However, positive signs lurk beneath the surface that should give fantasy owners confidence in his underlying skill set. First of all, when he does make contact with the ball, he hits it hard. His average batted-ball distance is 93.48 mph, which ranks sixth in all of baseball among hitters with at least 70 at-bats. Furthermore, he has only hit 12.1 of balls “softly” this year, which would rank 18th in baseball. It ties him with Nolan Arenado and puts him a slot ahead of Mike Trout. When Soler does put the ball into play, he’s going to hit for a high BABIP and for good power, just due to the fact that he rarely makes weak contact.

Soler also shows indications of a quality hitting approach—not necessarily in relation to his pitch recognition, but his batted-ball distribution. He has power to all fields and avoids being overly pull-centric. Only 36.3 percent of his batted balls have been to the pull side, which is less than the league-average mark.

PECOTA expects Soler to hit .258/.317/.460 with 11 home runs from now until the end of the season. That takes into account his two major skills at this point: hitting for power and striking out. Fantasy owners will continue to benefit from Soler’s hitting in the middle of the Cubs’ batting order. He should slot back into the #5 spot, behind Fowler, Bryant and Rizzo. That should present him with ample RBI opportunities, which only strengthens his fantasy appeal.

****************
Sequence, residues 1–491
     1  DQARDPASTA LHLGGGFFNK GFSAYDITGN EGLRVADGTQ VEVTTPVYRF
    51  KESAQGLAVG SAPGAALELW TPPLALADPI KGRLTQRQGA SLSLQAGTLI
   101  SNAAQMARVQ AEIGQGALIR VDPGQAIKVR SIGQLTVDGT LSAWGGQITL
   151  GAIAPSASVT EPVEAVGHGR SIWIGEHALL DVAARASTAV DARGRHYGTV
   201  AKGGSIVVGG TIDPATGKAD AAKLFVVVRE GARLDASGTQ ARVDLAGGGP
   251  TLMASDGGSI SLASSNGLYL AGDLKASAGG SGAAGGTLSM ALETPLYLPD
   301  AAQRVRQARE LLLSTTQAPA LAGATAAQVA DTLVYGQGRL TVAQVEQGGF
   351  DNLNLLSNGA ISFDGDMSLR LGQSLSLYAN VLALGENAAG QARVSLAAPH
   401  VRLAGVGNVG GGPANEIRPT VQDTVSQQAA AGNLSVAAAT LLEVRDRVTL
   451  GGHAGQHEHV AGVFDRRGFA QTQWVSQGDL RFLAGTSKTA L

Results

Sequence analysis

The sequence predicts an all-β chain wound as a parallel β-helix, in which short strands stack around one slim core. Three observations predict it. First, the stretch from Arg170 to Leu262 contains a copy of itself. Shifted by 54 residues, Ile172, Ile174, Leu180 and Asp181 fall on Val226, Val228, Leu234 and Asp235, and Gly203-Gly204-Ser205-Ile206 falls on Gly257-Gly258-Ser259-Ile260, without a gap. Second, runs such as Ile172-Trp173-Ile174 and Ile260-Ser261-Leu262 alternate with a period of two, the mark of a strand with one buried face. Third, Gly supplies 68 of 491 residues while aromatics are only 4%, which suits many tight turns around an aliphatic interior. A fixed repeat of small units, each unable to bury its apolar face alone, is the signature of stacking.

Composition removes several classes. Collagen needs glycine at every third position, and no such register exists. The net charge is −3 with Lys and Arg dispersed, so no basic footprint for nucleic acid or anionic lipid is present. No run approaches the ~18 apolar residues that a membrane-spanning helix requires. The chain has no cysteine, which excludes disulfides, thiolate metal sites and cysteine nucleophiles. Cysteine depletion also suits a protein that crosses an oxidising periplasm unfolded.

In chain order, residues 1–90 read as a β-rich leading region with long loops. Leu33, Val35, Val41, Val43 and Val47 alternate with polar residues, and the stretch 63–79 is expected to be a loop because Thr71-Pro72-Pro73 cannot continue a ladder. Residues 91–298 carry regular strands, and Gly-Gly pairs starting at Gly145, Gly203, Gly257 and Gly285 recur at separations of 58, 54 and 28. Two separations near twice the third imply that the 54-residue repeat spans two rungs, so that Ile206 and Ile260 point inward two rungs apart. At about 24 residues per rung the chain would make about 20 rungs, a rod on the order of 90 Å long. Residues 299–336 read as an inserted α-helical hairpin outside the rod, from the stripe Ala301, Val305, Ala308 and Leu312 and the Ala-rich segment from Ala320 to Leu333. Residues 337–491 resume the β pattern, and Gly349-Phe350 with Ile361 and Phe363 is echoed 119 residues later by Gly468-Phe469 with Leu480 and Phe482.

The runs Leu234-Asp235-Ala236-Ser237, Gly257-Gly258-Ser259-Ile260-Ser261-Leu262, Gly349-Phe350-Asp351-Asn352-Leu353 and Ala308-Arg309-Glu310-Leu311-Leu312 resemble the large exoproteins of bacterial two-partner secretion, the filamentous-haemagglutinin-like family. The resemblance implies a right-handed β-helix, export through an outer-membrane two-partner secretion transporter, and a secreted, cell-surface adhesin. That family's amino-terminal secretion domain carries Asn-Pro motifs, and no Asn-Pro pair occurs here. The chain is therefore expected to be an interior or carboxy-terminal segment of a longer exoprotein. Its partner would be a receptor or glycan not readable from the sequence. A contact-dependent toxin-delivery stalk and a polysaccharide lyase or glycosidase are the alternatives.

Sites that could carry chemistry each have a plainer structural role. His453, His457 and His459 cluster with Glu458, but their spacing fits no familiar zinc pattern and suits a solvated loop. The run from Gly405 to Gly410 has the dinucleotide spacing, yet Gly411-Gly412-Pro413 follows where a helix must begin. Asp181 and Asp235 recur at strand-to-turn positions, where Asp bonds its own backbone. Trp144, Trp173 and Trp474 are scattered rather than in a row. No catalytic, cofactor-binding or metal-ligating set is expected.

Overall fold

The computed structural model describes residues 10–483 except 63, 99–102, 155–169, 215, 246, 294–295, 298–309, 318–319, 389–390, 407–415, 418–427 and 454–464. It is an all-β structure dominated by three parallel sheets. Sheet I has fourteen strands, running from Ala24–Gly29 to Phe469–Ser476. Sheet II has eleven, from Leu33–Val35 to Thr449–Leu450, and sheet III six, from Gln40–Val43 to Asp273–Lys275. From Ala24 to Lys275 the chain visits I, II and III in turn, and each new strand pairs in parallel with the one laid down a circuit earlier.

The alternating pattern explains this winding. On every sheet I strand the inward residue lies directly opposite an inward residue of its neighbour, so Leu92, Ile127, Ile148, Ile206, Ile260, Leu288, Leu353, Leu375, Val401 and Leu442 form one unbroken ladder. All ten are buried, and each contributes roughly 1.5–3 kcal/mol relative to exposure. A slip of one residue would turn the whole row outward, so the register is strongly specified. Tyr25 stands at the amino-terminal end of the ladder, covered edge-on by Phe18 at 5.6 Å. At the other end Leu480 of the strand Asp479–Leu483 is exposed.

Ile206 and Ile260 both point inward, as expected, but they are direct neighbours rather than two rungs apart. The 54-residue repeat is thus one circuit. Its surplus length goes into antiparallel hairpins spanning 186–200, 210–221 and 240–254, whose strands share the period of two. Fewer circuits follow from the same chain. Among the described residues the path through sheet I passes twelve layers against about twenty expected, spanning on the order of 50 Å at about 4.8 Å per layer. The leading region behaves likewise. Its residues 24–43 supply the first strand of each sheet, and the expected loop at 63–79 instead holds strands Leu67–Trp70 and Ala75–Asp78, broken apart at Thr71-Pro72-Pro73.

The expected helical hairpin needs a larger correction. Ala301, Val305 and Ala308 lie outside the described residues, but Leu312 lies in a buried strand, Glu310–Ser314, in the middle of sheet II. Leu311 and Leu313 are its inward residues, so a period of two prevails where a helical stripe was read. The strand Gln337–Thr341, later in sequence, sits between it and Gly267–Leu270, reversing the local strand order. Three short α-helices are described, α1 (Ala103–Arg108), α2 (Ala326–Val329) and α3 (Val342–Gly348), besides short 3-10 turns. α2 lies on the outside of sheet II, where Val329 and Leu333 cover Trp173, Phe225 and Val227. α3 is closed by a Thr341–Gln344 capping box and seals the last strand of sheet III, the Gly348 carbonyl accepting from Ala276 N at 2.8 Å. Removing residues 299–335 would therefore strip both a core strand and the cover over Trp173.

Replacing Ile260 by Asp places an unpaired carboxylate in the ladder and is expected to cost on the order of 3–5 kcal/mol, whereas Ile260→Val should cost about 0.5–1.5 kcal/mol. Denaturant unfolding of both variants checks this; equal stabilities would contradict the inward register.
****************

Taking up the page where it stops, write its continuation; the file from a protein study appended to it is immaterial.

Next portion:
Development curves are never uniform, though. Soler could have learned his lesson on the bench over the past month and mash, or he could post a 15 percent swinging-strike rate and his .250 for the next couple years. It’s impossible to predict—especially when he’s not on the field—when the light bulb will flicker on, if ever.

Thus, fantasy owners are best advised to place a rest-of-season value on him for what he is, a middling average with flashes of extreme power, rather than what he could be. But that doesn’t mean fantasy owners shouldn’t remain cognizant of what he could be, which is a top-30 fantasy outfielder. What I am trying to suggest, though, is that fantasy owners who could benefit from the .250-.260 average with 10-15 home runs should target Soler in trade talks. Because if he does develop and adjust, the upside is tremendous, but if he doesn’t and he remains limited, that limited value must remain palatable. If the non-upside version would just sit on the bench in 2015, it’s probably not advisable to trade for Soler for this season.


This is a difficult moment for Soler owners. It’s the moment in which his helium has been deflated and he’s the early-career project that he always should have been viewed as. Owners shouldn’t sell on Soler, as they should ride out the expected developmental speed bumps, but only a limited number of people should be targeting him on the trade market—ones that need back-end OF help in 2015 or ones who have completely punted on the 2015 season, and neither of those types of owners are going to pay much to acquire Soler. Thus, in the end, the majority of fantasy owners should “hold” on Soler, neither buy nor sell. He’s stuck in limbo, and that’s far from the ideal time to invest or divest.

Thank you for reading

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If Parks has him over for Chicken Fried Steak and gets him to buy into 'bath time', Katy Bar The Door! Soler could become uncontainable!
I traded for him months ago, before he went down with the injury, its an auction league @ $3 for the next 2 years. I think I did rather well. Pat on the back?
If you're looking for suggestions on who to do next... how about Marcell Ozuna? 'sup wit that dude?